Thought of something else...

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Posted by JRM on November 21, 2000 at 20:27:45:

In Reply to: Re: What's wrong with dive industry economics? posted by JRM on November 21, 2000 at 16:28:23:

Sorry to reply to my own post, but I'm sitting here in cubicle-hell tonight babysitting our latest project as it crashes and burns, and I really don't have anything better to do.

But I would like to ammend my above post. I think that people will actually pay *more* for faster and easier training. If your class takes two months but costs less than my class that takes a week, I bet I'll get the business. Because we're in a society of instant gratification. The biggest idea of Reaganomics is just that, instant gratification. Don't save to buy, just go into debt! Have it now. Use it while you pay. And guess what, we appreciate things much less, because we really didn't feel like we earned them. I happen to be of a mindset that if I can't pay cash for an item (hobby especially), then I can't afford it. As such, I've had to buy my gear in chunks. I pretty much have it all assembled now, but I think I appreciate it much more because I had to wait and save to buy it. I didn't really appreciate the skill of my instructors until I heard from some folks about theirs.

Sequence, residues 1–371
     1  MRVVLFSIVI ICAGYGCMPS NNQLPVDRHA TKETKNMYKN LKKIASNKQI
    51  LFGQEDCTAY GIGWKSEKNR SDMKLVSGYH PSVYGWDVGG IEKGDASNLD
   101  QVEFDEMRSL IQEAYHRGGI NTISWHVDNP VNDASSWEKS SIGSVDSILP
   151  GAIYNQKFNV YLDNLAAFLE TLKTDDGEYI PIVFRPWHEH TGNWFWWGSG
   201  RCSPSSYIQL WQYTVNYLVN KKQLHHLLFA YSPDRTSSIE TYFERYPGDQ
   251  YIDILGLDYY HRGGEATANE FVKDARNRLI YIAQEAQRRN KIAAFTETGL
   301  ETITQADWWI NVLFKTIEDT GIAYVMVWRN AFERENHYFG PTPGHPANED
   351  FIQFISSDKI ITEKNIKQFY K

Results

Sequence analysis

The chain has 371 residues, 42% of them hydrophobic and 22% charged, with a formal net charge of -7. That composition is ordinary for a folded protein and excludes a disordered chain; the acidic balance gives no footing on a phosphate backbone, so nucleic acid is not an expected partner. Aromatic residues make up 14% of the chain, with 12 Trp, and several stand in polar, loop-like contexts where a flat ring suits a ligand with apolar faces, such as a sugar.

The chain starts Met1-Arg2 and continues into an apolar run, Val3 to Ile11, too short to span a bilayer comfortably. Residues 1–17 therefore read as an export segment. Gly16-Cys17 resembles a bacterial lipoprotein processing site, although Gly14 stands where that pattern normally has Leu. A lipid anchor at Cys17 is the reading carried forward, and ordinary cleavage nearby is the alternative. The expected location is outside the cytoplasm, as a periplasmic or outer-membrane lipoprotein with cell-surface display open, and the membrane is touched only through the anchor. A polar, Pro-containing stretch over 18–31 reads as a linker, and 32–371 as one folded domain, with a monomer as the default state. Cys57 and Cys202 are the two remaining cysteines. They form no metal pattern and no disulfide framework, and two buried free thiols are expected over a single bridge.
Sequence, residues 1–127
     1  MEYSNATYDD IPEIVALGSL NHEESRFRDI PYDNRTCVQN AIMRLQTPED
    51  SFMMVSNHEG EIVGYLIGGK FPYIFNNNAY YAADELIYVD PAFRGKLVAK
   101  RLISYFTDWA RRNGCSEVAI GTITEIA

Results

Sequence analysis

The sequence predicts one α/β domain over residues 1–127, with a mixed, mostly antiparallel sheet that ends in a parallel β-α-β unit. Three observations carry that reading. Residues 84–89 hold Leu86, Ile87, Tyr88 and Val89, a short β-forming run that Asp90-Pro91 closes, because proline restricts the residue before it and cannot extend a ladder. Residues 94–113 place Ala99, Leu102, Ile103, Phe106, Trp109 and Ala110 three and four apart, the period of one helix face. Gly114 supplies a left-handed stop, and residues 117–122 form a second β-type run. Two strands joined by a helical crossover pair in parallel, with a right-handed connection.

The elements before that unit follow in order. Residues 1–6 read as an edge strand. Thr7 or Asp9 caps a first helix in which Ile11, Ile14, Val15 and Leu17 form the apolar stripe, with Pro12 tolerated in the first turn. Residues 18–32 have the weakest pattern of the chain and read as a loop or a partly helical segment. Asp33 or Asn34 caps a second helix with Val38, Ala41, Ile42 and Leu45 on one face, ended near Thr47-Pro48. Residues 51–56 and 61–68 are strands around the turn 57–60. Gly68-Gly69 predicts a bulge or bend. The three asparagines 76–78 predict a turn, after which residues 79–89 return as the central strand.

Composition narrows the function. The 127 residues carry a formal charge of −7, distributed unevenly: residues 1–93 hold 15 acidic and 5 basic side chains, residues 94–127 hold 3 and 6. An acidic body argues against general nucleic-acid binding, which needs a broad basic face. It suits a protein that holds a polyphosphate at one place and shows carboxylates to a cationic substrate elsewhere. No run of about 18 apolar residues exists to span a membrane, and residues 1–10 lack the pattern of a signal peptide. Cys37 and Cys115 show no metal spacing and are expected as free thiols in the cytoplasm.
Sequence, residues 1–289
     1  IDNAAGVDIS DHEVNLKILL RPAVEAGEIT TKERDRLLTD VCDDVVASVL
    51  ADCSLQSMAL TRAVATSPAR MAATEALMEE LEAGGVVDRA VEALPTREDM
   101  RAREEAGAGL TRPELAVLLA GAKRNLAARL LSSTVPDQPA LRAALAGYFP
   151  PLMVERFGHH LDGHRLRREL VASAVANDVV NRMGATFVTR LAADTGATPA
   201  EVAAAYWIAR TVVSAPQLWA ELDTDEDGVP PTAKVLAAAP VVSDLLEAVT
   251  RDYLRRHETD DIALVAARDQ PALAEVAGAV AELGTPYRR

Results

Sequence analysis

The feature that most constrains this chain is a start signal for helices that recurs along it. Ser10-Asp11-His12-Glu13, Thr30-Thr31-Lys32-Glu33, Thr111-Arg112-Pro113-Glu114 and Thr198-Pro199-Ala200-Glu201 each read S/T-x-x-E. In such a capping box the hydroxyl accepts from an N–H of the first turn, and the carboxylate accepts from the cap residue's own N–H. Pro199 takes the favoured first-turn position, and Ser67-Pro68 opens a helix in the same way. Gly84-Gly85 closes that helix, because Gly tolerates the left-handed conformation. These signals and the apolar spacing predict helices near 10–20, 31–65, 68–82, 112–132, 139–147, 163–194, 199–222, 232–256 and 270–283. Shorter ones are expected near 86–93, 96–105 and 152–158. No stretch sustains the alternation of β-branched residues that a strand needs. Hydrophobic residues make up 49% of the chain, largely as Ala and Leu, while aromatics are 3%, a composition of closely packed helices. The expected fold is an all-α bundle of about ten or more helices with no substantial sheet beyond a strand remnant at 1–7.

I have always wanted to dive. And my wife bugged me since day one to get cert'ed. And now I'm at a point in my life where I can afford (dollarwise) to get into a new hobby. Time is still a bit on the rare side, but even that is looking up. And I'll freely admit that two of the factors that swayed my decision of where to get my cert were time and money. I thought they were all the same. That and I heard horror stories about the other major store in my swarthy little hamlet. Luckily, I landed with a great OW instructor. But even though I consider myself a somewhat educated and intelligent person (which instantly defines me as ignorant of a great many things:-), I never even thought to investigate the thouroughness of the training. I figured PADI was the biggest because they were the best, and I should go that route.

So what do we have to do in order to curb this. Is there anything that we mere diving mortals (and us newbies) can do. I've been telling all my friends who show an interest that they should use the instructor I did (even though he is PADI) because I feel I got a decent grounding in diving from him. I figure that's about the extent of my sphere of influence. Is there anything else?

Maybe we should run late-night diving infomercials. Then we might get an audience.


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